WASHINGTON – The State Department has turned over 44 previously-unreleased Hillary Clinton email exchanges that the Democratic presidential nominee failed to include among the 30,000 private messages she turned over to the government last year. They show her interacting with lobbyists, political and Clinton Foundation donors and business interests as secretary of state.
The conservative legal group Judicial Watch obtained the emails as part of its lawsuit against the State Department. They cover Clinton's first three months as secretary of state in early 2009, a period for which Clinton did not turn over any emails to the State Department last year. The government found the newly disclosed messages during a search of agency computer files from longtime Clinton aide Huma Abedin.
In one instance, Clinton exchanged messages with a senior Morgan Stanley investment executive whom she met with later that year at her office in Washington. They were among 246 pages of Abedin messages turned over to Judicial Watch.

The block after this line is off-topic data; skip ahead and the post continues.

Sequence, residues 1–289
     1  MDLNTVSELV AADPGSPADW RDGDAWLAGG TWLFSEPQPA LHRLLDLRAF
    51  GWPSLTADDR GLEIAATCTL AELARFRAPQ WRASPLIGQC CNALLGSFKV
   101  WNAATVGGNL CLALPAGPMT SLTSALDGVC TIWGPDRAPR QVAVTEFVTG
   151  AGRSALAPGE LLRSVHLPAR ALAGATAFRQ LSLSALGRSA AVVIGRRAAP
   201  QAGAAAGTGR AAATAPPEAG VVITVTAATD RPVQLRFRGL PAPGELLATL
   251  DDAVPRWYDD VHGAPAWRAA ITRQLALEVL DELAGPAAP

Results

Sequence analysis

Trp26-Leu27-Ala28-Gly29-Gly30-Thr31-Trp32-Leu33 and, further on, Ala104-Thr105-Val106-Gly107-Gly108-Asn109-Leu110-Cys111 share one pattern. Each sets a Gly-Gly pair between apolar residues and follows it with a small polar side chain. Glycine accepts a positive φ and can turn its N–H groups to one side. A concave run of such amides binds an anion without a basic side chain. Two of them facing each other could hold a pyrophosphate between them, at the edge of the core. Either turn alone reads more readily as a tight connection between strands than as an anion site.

Clinton campaign officials did not immediately answer questions about the issue.
The emails are separate from a larger batch of several thousand work-related emails that FBI officials recovered from Clinton's private server. Clinton's legal team turned over more than 30,000 emails from her server to the State Department last March but only after deleting another 30,000 messages that Clinton's team deemed private and personal. The FBI plans to turn over the reconstructed Clinton emails to the State Department for public release.
The new Clinton emails include a February 2009 message to her from Stephen Roach, then-chairman of Morgan Stanley Asia, saying he planned to testify to Congress that week and was "happy to help in any way I can." Roach later met with Clinton over the summer for 30 minutes, according to Clinton calendars obtained by The Associated Press.
In another email, Clinton's chief of staff, Cheryl Mills, informed her that National Security Agency and State Department officials discussed an attempt to develop a modified blackberry for Clinton that might be used when she worked in a restricted State Department office that did not allow private phones.
Clinton called the development "good news," but she continued using a private Blackberry tied to her private server.